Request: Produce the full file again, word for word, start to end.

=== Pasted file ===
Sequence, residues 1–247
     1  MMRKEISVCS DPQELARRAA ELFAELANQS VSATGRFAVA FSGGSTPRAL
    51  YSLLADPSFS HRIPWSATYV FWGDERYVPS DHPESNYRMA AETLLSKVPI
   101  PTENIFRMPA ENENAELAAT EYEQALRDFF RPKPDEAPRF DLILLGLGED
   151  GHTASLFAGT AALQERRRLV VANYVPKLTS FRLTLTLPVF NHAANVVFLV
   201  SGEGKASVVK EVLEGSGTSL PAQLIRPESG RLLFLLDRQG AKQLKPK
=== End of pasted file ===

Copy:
Sequence, residues 1–247
     1  MMRKEISVCS DPQELARRAA ELFAELANQS VSATGRFAVA FSGGSTPRAL
    51  YSLLADPSFS HRIPWSATYV FWGDERYVPS DHPESNYRMA AETLLSKVPI
   101  PTENIFRMPA ENENAELAAT EYEQALRDFF RPKPDEAPRF DLILLGLGED
   151  GHTASLFAGT AALQERRRLV VANYVPKLTS FRLTLTLPVF NHAANVVFLV
   201  SGEGKASVVK EVLEGSGTSL PAQLIRPESG RLLFLLDRQG AKQLKPK